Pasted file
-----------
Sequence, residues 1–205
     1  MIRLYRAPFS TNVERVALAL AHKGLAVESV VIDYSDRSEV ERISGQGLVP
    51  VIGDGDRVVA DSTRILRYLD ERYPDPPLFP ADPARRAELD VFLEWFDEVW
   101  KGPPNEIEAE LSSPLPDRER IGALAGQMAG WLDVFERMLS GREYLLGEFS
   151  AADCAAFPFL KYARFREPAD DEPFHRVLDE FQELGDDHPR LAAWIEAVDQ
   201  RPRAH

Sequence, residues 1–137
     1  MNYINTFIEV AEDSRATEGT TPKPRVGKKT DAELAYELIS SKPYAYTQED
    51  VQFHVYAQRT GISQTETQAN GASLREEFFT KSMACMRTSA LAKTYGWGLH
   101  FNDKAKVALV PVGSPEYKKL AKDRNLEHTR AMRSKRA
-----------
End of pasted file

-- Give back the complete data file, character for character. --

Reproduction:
Sequence, residues 1–205
     1  MIRLYRAPFS TNVERVALAL AHKGLAVESV VIDYSDRSEV ERISGQGLVP
    51  VIGDGDRVVA DSTRILRYLD ERYPDPPLFP ADPARRAELD VFLEWFDEVW
   101  KGPPNEIEAE LSSPLPDRER IGALAGQMAG WLDVFERMLS GREYLLGEFS
   151  AADCAAFPFL KYARFREPAD DEPFHRVLDE FQELGDDHPR LAAWIEAVDQ
   201  RPRAH

Sequence, residues 1–137
     1  MNYINTFIEV AEDSRATEGT TPKPRVGKKT DAELAYELIS SKPYAYTQED
    51  VQFHVYAQRT GISQTETQAN GASLREEFFT KSMACMRTSA LAKTYGWGLH
   101  FNDKAKVALV PVGSPEYKKL AKDRNLEHTR AMRSKRA